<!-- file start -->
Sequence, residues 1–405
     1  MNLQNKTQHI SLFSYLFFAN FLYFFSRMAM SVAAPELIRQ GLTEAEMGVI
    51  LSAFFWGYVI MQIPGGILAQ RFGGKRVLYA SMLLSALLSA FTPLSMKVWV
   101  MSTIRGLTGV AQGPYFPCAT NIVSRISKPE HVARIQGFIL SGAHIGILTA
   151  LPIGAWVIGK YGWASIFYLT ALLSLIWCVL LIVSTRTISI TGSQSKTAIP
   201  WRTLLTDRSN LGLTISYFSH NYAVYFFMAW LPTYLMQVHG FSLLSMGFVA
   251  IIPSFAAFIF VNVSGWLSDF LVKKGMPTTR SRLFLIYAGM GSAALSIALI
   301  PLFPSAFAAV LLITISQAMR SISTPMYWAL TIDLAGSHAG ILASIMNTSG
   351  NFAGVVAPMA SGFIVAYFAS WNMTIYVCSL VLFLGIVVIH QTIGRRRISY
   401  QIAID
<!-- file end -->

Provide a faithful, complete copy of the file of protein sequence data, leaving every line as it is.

Sequence, residues 1–405
     1  MNLQNKTQHI SLFSYLFFAN FLYFFSRMAM SVAAPELIRQ GLTEAEMGVI
    51  LSAFFWGYVI MQIPGGILAQ RFGGKRVLYA SMLLSALLSA FTPLSMKVWV
   101  MSTIRGLTGV AQGPYFPCAT NIVSRISKPE HVARIQGFIL SGAHIGILTA
   151  LPIGAWVIGK YGWASIFYLT ALLSLIWCVL LIVSTRTISI TGSQSKTAIP
   201  WRTLLTDRSN LGLTISYFSH NYAVYFFMAW LPTYLMQVHG FSLLSMGFVA
   251  IIPSFAAFIF VNVSGWLSDF LVKKGMPTTR SRLFLIYAGM GSAALSIALI
   301  PLFPSAFAAV LLITISQAMR SISTPMYWAL TIDLAGSHAG ILASIMNTSG
   351  NFAGVVAPMA SGFIVAYFAS WNMTIYVCSL VLFLGIVVIH QTIGRRRISY
   401  QIAID